Creating a Custom Power Management Plan

by Allen Wyatt
(last updated February 11, 2019)

Most modern computers allow Windows to control both the computer itself (including the hard drive) and the display monitor. These components can be set to automatically "turn off" after varying amounts of inactivity. If the pre-defined power management plans in Windows don't meet your needs, you can create your own custom plan. Follow these steps:

  1. Display the Control Panel.
  2. At the left side of the screen click the Hardware and Sound heading. Windows displays the Hardware and Sound screen.
  3. Under the category of Power Options, click the Change Power-Saving Settings option. Windows displays the Power Options screen. (See Figure 1.)
  4. Figure 1. The Power Options screen.

  5. At the left side of the screen click Create a Power Plan. Windows displays the Create a Power Plan screen. (See Figure 2.)
  6. Figure 2. The Create a Power Plan screen.

  7. Pick one of the existing power management plans (Balanced, Power Saver, or High Performance) as the starting point for your new power plan.
  8. Specify a name for your power plan.
  9. Click Next. Windows displays the Edit Plan Settings screen. (See Figure 3.)
  10. Figure 3. The Edit Plan Settings screen.

  11. Use the controls on the screen to specify when Windows should turn off the display and put the computer to sleep. (Remember that the times represent periods of activity, so 10 minutes means that the device is turned off when you stop using the computer for 10 minutes.)
  12. Click Create.

 This tip (10717) applies to Windows 7, 8, and 10.

Author Bio

Allen Wyatt

With more than 50 non-fiction books and numerous magazine articles to his credit, Allen Wyatt is an internationally recognized author. He is president of Sharon Parq Associates, a computer and publishing services company. ...

MORE FROM ALLEN

Fitting Text Into Cells

Need a way to make sure your text fits within the space available in a table cell? Word has a handy setting that will ...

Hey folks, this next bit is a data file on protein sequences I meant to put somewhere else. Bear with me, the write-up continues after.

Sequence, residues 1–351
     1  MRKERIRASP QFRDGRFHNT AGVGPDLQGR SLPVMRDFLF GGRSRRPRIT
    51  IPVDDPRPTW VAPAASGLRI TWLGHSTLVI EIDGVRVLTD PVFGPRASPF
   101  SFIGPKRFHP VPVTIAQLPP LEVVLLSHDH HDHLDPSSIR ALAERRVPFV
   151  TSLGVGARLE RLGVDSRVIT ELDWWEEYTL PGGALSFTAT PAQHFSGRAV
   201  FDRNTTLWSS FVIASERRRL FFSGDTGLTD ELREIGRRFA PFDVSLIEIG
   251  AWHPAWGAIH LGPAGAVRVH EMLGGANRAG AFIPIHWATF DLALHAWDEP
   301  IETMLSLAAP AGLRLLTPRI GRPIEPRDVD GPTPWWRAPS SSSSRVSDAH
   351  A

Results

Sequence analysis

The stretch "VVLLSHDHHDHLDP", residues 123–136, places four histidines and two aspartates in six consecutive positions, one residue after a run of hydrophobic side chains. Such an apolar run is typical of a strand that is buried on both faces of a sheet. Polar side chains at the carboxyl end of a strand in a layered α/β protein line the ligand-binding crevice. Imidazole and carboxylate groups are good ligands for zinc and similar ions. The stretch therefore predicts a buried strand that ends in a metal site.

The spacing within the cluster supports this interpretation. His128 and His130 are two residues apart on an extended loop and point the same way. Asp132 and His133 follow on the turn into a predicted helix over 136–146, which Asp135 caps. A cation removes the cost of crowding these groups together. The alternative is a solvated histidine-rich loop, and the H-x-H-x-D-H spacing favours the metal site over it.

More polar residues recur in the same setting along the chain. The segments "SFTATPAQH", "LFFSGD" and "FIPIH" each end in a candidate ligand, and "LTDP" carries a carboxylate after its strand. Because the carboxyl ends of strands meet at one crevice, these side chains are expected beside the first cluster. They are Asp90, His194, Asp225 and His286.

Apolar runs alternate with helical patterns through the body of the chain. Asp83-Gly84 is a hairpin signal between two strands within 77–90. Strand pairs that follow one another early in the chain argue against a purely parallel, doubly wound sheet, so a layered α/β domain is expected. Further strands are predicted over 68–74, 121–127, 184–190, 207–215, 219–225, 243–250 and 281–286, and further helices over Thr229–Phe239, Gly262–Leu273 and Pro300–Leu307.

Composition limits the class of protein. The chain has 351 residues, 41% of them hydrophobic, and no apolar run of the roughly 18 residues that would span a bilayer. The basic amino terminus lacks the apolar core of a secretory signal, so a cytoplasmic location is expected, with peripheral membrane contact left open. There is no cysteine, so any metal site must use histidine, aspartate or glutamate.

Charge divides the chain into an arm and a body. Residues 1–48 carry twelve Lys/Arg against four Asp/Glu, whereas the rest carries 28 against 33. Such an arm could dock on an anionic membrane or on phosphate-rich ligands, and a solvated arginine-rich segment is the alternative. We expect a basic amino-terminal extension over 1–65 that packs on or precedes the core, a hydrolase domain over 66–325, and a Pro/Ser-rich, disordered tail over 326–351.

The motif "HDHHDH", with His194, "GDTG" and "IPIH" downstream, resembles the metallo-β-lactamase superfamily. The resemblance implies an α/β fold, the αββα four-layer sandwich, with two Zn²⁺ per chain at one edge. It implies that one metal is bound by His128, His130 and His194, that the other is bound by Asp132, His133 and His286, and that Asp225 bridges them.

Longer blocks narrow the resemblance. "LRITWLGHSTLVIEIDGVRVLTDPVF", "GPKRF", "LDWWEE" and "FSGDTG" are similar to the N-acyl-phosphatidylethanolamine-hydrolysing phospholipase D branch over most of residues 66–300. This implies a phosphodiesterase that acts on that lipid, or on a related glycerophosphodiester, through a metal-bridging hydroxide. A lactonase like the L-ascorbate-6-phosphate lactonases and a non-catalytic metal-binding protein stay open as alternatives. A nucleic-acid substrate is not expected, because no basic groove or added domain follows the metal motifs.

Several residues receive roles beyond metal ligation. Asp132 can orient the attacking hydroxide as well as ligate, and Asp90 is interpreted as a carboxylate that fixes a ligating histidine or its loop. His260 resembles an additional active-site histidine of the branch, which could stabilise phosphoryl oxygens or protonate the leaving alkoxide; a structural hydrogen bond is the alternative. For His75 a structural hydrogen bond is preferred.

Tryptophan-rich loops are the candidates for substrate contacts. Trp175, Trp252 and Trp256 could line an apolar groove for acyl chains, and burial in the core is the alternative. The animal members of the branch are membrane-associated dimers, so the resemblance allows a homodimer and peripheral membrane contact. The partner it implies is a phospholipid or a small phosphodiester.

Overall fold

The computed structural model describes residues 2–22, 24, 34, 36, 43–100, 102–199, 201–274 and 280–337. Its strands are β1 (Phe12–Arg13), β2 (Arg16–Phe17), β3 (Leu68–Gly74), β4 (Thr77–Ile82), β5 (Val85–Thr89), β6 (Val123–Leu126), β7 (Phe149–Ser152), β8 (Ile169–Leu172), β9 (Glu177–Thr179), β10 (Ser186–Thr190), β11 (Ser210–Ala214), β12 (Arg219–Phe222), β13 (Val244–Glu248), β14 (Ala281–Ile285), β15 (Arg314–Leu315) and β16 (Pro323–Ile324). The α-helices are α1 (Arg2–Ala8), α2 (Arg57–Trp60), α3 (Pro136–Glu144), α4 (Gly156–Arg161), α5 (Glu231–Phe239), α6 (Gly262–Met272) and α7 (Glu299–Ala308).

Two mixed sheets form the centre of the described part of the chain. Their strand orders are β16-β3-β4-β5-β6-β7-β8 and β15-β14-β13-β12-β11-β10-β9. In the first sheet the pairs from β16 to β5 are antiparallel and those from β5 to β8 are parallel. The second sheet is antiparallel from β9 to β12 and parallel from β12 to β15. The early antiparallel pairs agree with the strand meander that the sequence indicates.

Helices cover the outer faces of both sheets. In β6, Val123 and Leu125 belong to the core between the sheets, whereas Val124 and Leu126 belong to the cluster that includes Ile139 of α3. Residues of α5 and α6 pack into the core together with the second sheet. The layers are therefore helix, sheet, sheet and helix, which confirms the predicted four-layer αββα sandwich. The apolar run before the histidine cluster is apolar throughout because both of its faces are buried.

Discover More

Copying Fill Color in a Table

You may spend some time getting the color in a portion of a table just right, only to be faced with the task of copying ...

Discover More

Creating a Bibliography from Footnotes

Most scholarly papers need to have both footnotes and a bibliography. The two are closely related, as they provide ...

Discover More
More WindowsTips

Determining If a Drive Should be Defragmented

Disk fragmentation is one of those things which, if severe, can adversely affect your system's performance. This tip ...

Discover More

Connecting a Bluetooth Device

If you're the proud owner of a Bluetooth device you probably want to get right to connecting it to your computer. This ...

Discover More

Using Powercfg to Export and Import a Power Scheme

You can export to a file your power schemes and then import them later on. The only caveat is that you must be running as ...

Discover More
Subscribe

FREE SERVICE: Get tips like this every week in WindowsTips, a free productivity newsletter. Enter your address and click "Subscribe."

View most recent newsletter.

Comments

If you would like to add an image to your comment (not an avatar, but an image to help in making the point of your comment), include the characters [{fig}] in your comment text. You’ll be prompted to upload your image when you submit the comment. Maximum image size is 6Mpixels. Images larger than 600px wide or 1000px tall will be reduced. Up to three images may be included in a comment. All images are subject to review. Commenting privileges may be curtailed if inappropriate images are posted.

What is one more than 6?

There are currently no comments for this tip. (Be the first to leave your comment—just use the simple form above!)


Newest Tips
Subscribe

FREE SERVICE: Get tips like this every week in WindowsTips, a free productivity newsletter. Enter your address and click "Subscribe."

(Your e-mail address is not shared with anyone, ever.)

View the most recent newsletter.